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Chapter 12 MOTIVATION detailed textbook notes.docx

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Wilfrid Laurier University
Eileen Wood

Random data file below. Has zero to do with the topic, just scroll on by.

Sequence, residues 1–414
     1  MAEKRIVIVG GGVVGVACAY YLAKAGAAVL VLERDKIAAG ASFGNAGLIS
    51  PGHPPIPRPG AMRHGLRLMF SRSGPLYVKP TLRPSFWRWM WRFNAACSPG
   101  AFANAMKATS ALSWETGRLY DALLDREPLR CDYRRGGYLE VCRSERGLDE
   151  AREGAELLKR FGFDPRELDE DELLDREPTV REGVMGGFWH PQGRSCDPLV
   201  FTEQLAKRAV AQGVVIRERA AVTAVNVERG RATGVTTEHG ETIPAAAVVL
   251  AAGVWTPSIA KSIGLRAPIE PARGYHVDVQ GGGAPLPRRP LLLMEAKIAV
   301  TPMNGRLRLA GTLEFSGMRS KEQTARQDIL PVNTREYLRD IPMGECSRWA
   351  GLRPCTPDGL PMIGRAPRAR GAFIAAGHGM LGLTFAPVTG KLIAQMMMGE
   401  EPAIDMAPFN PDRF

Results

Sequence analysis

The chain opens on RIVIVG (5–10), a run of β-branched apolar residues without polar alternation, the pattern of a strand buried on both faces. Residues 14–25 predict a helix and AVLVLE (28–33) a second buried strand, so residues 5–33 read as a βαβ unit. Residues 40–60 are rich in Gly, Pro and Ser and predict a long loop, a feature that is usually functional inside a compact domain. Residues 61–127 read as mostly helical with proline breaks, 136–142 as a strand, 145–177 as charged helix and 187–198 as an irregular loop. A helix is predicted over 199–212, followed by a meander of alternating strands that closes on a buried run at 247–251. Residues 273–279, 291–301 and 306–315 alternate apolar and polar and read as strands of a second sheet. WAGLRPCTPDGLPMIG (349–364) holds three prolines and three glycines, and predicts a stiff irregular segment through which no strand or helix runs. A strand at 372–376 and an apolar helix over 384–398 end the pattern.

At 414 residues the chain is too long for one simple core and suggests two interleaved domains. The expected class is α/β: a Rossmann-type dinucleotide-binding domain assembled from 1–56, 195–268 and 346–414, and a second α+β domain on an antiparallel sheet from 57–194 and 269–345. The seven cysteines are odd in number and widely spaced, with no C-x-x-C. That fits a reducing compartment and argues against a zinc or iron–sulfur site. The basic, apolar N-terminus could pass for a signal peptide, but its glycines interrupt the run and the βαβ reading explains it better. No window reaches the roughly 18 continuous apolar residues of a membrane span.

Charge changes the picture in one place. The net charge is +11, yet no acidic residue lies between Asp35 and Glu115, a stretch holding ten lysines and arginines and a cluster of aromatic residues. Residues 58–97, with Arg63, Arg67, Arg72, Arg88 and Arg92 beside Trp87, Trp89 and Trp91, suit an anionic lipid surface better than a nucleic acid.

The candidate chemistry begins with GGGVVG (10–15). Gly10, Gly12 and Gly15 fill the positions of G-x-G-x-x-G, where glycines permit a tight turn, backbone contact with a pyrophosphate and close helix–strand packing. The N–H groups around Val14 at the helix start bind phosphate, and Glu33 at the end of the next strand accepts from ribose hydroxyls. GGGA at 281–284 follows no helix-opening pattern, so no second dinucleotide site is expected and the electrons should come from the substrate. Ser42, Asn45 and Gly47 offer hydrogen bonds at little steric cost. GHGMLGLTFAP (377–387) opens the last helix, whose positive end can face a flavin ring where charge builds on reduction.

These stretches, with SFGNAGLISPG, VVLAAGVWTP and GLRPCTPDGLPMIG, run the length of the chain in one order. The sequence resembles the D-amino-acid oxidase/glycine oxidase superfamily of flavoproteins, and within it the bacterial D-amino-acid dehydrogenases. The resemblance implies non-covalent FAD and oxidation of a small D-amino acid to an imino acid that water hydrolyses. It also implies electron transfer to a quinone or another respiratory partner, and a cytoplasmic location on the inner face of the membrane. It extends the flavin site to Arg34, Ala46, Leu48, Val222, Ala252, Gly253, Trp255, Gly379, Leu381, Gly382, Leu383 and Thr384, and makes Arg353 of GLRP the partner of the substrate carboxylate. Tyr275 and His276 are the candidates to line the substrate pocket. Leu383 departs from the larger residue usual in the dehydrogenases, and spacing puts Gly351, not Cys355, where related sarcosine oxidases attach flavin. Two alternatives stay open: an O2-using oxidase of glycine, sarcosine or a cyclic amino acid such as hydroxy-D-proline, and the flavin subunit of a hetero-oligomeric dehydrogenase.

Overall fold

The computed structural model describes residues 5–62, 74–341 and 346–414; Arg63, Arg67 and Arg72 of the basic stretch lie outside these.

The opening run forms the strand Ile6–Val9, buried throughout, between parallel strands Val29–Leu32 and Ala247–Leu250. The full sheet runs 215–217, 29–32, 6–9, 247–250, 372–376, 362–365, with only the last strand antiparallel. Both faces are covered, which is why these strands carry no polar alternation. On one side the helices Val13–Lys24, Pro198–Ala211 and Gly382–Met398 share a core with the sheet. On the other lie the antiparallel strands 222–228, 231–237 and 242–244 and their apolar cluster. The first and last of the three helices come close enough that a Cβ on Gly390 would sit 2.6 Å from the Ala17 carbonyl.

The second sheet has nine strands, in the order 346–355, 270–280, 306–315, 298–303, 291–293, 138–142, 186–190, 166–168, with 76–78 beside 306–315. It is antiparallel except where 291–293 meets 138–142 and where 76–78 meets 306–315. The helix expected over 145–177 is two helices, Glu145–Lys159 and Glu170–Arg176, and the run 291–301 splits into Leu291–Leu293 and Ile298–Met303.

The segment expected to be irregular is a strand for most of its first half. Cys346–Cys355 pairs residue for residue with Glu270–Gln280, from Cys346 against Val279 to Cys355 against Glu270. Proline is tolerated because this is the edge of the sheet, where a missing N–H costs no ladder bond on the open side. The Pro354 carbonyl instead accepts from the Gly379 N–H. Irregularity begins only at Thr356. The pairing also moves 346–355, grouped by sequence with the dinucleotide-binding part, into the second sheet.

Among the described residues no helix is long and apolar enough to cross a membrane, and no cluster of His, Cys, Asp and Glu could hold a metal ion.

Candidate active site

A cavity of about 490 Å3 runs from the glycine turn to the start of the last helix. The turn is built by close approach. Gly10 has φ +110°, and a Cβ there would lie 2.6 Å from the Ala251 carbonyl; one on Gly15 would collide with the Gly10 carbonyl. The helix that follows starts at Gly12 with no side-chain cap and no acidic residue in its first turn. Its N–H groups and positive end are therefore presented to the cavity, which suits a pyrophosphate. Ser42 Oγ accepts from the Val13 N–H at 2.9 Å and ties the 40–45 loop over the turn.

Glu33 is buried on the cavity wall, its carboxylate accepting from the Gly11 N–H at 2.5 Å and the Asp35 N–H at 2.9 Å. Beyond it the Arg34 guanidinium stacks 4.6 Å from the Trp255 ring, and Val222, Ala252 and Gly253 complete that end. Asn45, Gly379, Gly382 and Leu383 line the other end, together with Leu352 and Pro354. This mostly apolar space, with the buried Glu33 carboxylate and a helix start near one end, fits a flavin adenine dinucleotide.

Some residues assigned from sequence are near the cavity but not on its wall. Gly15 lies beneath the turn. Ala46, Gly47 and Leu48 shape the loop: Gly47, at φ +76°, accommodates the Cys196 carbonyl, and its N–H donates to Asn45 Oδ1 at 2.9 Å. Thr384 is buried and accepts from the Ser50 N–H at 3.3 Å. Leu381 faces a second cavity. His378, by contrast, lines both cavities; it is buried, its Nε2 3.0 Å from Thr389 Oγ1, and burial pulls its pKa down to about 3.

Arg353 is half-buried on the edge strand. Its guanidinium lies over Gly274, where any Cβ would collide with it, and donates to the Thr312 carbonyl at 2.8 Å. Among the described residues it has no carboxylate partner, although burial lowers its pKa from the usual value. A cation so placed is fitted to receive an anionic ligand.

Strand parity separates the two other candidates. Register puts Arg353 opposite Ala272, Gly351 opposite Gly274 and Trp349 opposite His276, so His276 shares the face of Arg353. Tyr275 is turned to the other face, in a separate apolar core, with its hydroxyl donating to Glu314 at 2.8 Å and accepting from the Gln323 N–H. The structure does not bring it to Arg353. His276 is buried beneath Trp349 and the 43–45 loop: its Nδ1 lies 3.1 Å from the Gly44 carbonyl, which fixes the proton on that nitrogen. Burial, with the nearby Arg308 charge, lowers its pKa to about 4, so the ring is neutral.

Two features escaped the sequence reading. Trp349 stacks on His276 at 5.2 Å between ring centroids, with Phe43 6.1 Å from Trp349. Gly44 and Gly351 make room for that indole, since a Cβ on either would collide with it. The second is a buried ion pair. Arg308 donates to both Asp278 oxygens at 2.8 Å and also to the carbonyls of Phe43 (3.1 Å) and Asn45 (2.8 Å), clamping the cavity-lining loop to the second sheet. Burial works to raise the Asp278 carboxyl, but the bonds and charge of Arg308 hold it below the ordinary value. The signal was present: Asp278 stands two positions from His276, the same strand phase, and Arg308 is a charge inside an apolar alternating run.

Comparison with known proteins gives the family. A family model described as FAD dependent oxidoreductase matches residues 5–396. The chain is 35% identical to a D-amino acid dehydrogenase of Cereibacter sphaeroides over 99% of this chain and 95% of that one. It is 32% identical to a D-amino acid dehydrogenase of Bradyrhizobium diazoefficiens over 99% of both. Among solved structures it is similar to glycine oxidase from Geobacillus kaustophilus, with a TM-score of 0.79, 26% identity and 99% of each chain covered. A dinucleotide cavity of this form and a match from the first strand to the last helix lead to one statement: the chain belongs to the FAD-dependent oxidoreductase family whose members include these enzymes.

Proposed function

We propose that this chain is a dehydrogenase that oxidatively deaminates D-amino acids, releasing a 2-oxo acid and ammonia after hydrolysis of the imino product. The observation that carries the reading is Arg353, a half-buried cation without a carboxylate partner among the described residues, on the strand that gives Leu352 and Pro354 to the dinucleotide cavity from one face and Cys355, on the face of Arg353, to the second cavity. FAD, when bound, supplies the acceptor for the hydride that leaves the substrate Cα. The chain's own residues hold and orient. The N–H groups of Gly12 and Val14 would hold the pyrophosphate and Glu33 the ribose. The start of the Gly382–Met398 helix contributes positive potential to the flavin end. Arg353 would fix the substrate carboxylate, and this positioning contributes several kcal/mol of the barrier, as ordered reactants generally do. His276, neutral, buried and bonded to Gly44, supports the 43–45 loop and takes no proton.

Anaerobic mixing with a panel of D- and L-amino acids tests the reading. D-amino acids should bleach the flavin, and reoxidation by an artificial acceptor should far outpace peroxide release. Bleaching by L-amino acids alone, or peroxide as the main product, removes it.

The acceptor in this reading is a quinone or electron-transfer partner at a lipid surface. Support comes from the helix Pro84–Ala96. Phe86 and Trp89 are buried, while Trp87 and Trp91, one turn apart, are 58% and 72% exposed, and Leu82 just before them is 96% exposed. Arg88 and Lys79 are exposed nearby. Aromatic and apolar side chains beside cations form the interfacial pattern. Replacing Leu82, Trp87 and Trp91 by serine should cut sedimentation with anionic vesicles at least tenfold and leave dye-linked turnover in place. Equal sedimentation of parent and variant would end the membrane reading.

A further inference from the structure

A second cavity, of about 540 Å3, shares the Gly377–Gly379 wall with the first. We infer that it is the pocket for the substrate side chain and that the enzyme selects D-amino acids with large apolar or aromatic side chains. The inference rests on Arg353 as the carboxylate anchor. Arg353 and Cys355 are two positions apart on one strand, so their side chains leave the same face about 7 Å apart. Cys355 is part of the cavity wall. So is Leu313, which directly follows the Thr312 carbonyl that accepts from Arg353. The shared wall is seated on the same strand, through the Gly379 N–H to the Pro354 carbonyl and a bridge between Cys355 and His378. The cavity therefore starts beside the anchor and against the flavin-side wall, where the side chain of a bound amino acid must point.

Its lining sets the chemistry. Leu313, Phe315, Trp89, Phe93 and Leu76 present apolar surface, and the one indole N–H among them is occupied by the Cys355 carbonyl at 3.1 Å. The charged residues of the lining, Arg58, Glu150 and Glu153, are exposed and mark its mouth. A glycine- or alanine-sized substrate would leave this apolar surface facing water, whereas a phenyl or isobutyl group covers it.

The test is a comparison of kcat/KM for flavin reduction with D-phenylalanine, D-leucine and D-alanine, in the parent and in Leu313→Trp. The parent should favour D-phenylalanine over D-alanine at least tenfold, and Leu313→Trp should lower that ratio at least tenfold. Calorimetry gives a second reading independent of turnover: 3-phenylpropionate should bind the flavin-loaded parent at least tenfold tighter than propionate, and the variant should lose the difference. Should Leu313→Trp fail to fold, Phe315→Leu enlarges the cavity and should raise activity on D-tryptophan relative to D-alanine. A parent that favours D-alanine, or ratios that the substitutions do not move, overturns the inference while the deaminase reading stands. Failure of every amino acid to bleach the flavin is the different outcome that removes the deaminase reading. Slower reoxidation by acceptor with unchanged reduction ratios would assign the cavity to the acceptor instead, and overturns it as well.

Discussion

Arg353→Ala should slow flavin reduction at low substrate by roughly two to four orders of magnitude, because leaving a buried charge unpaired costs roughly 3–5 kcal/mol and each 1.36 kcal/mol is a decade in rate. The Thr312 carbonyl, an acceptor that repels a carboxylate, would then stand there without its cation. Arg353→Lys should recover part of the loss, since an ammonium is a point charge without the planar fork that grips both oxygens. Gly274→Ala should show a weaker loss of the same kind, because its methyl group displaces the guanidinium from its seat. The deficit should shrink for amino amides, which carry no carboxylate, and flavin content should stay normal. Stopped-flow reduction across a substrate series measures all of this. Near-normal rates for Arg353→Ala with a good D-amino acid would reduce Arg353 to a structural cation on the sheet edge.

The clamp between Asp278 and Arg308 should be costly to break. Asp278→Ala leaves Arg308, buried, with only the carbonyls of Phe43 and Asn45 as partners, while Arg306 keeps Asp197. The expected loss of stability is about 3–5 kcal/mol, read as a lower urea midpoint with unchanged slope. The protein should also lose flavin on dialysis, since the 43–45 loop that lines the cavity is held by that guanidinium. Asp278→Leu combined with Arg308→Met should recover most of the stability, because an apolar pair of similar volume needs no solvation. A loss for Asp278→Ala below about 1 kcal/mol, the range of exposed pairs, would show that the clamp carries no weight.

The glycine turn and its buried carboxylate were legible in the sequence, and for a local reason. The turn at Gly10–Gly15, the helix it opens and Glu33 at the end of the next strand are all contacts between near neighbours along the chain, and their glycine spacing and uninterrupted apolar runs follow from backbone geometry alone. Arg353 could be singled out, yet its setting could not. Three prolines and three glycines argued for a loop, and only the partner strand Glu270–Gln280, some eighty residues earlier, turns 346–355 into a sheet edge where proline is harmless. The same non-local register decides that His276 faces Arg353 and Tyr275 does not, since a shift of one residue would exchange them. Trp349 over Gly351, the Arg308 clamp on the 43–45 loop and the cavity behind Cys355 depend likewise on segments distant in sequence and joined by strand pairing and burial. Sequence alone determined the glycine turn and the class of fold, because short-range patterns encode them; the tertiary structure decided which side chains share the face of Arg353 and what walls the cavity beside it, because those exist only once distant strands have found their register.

Chapter 12: Motivation Motivation: an inferred process within a person or animal that causes movement either toward a goal or away from an unpleasant situation Intrinsic: the pursuit of an activity for its own sake Extrinsic: the pursuit of an activity for external rewards (e.g. money or fame) Motives to Eat The Biology of Weight Genetic Influences on Weight and Body Shape Set point: the genetically influenced weight range for an individual; it is maintained by biological mechanisms that regulate food intake, fat reserves and metabolism  Basal metabolism rate: rate at which the body burns calories for energy  Everyone has fixed number of fat cells  Obese people have twice the number of fat cells & are bigger  High heritability of weight, body fat & amount of brown fat (fat that burns calories) a person has – weight is gained in the same places Leptin (hormone) can affect how much a person eats because it affects the hypothalamus in telling the body when it should eat if reserves are too low  It plays its most crucial role early in life by altering the brain chemistry that influences how much a person later eats  It helps regulate body weight by strengthening neural circuits in the hypothalamus that reduce appetite and by weakening circuits that stimulate it – during a critical period in infancy, the point is set The Overweight Debate  People are become increasingly obese – reasons for this have little to do with the obesity gene, but more diet  Obesity epidemic is in fact fat people getting fatter and thin people staying the same  Exercise is a major influence on weight – it boosts metabolic rate even in people who are genetically susceptible to obesity Environmental Influences on Weight 1. Increased abundance of fast food and processed food… that are inexpensive, readily available, and high in sugar, starch, fat and carbohydrates – as humans, we have a tendency to store calories in the form of fat to be prepared in case of starvation 2. The widespread consumption of high-sugar, high-calorie soft drinks: we don’t have a mechanism that would compensate for fluid intake by lowering food intake 3. The sharp decline in exercise & other expenditures of energy… because of remote controls, a preference for sedentary activities & the speed and convenience of driving rather than walking/biking 4. The increased portion sizes of food and drink. 5. The abundance of highly varied foods: diets that restrict a person to only some foods are successful at first, but as food becomes more varied, people eat more and gain more weight (e.g. people will eat more M&Ms when they are in a bowl containing 10 colours than the same number of candies containing only 7 colours. Other influences: package sizes, plate sizes (bigger = eat more), cues for how much has been eaten (e.g. buffets taking dirty plates away), kitchen & table layouts, distraction (e.g. TV & friends) Culture & the Ideal Body  While people of all ethnicities and social classes have been getting fatter, the cultural ideal for women in the united states, Canada and Europe has been getting thinner  Voluptuous, big-breasted women are associated with a motherly image – that’s why that body type was more desired in times where women would take the “stay-at- home-mom” job  Now, with women entering the work force, the same figure is seen as soft, lazy, weak & therefore women have tried to look more boyish & muscular to avoid being perceived as soft, feminine and dumb  Evolution has designed women to store fat, which is essential for the onset of menstruation, pregnancy & nursing, and, after menopause, for the production of estrogen The Body as a Battleground: Eating Disorders  Many women are caught in a battle between their biology and their culture  Eating disorders: an irrational fear of being fat Bulimia: an eating disorder characterized by episodes of excessive eating (bingeing) followed by forced vomiting or use of laxatives (purging) Anorexia [nervosa]: fear of being fat, a distorted body image, radically reduced consumption of food & emaciation – can die of heart or kidney failure or complications of osteoporosis  Can be influenced by depression, anxiety, perfectionism, low self-esteem, a distorted body image, drug use & perceived pressure from peers to lose weight, & culture factors such as the image of the “ideal thin body” Other eating disorders: binge-eating disorder (just eating A LOT); chewing food & then spitting it out; others are normal weight but take no joy in eating because they worry obsessively about gaining weight; some develop phobias of a certain type of food  All of these disorders involve an unhealthy attitude toward food, weight & the body Motives to Love The Biology of Love Passionate “romantic” love: whirlwind of intense emotions and sexual passion – crushes, infatuations, “love at first sight”, in early stages of love affairs – may burn out quickly or evolve into companionate love  Olfactory cues in a potential partner’s smell that can turn you on or off  Physical cues in the pp’s voice, shape & how similar their face is to yours  Dopamine jolts of reward  Arousal & excitement provided by adrenaline  Key hormones that turn this into companionate love Companionate love: affection & trust Love has an evolutionary purpose: to preserve the species – share common neural mechanisms as pair-bonding between a child and its mother  Hormone oxytocin: plays crucial role in the attachment-caregiving system, influencing feelings & expressions of love, caring & trust between mothers & babies and between friends and lovers (e.g. when partners were given oxytocin, they showed more non-verbal cues of love) Endorphins: chemical substances in the nervous system that are similar in structure and action to opiates; involved in pain reduction, pleasure & memory  When animals cry & their mom licks them, it releases endorphins in their body – endorphins are like a replacement for mom  These studies suggest that endorphin-stimulated euphoria may be a child’s initial motive for seeking affection & cuddling; a child attached to a parent is a child addicted to love The Psychology of Love Proximity effect: the people who are nearest to you geographically are most likely to be dearest to you too Similarity effect: Similarity – in looks, attitudes, beliefs, values, personality & interests – is attractive to human beings; we tend to choose friends and loved ones who are most like us  Match-making sites administer questionnaires to pair people together – can vary in effectiveness because many people think they know exactly what they want, and they meet someone who has a few of those qualities but is missing a whole bunch of qualities that suddenly become essential The Attachment Theory of Love Attachment theory of love: people’s attachment styles as adults derive in large part from how their parents cared for them  Securely attached lovers: rarely jealous or worried about being abandoned – more compassionate & helpful than insecure & quicker to understand & forgive their partners o Warm, close relationships with their parents  Anxious lovers: always agitated about their relationships; they ant to be close but they worry their partners will leave them o Describe parents ambivalently (both kind and harsh)  Avoidant lovers: distrust & avoid intimate relationships o Describe parents in almost all negative terms; had cold, rejecting parents, extended periods of separation from their mothers, or childhood environments that prevented them from forging close ties with others o Resistant to changed o Common for people who display pathological behaviours  In an observational study of young adults in family interactions – their ratings of their families’ warmth and sensitivity were positively related to how they behaved with their romantic partners and to their own degree of attachment security Gender, Culture & Love Men & women are pretty equal:  Love the same in terms of love at first sight, passionate love, companionate love  Equally likely to suffer unrequited love Different in HOW they express love:  Males learn that revelations of emotion can be construed as evidence of vulnerability & weakness considered unmasculine  Males express emotions in actions (e.g. doing things for their partner, providing for their family, sharing the same activity); women in words  Many women define intimacy as shared revelations of feelings, but many men define it as just hanging out together For many years, men married for love (2/3s could not marry someone they didn't love) & women more for the lifestyle (only ¼ couldn’t) – more extrinsic reasons  Gender difference in romantic love faded & so did economic motivations to marry Motives for SEX  In most other species, sexual behaviour is genetically programmed, but for humans, “sex is not a natural act”: o Activities that one culture considers natural are often considered unnatural in another culture or period of time o People need to learn from experience what they’re supposed to do with their sexual desires & how they’re expected to behave o People’s motivations for sex are not always intrinsic The Biology of Desire Hormones and Sexual Response: Testosterone: an androgen (masculinizing hormone) that both sexes produce & promotes sexual desire  If given artificially to a group who complain of low libido – these efforts fail to produce expected results because… o Symptoms of androgen deficiency are also those of marital problems & depression o No consensus on how much is “not enough” sex or “not enough” testosterone o Hormones fluctuate o Side effects of androgen are unpleasant to harmful o Sexual experience is also affected by social experience and context Arousal & Orgasm Alfred Kinsey: Wrote pioneering book in male and female attraction  People believed that women were more interested in affection than sex, but his research proved that wrong  Males and females are alike in their basic anatomy & physiology (e.g. penis & clitoris develop from the same embryotic tissue)  Said women have a lesser capacity for sex because they masturbate less William Masters & Virginia Johnston: studied physiological changes during sexual arousal and orgasm  Male & female orgasms are remarkably similar & all orgasms are physiologically the same, regardless of the source of stimulation  Disagreed with Kinsley’s assertion that women have lesser capacity for sex – said instead that women’s capacity for sexual response “infinitely surpasses that of men” because women are able to have repeated orgasms until exhaustion  OVERSIMPLIFIED: research was limited by the selection of men/women who were easily orgasmic & did not research how people’s physiological responses might vary according to age, experience & culture  People vary in their propensity for sexual excitation and responsiveness, as well as their ability to inhibit and control that excitement Sex & The Sex Drive  Although women are as capable as men of sexual pleasure, men have a higher rat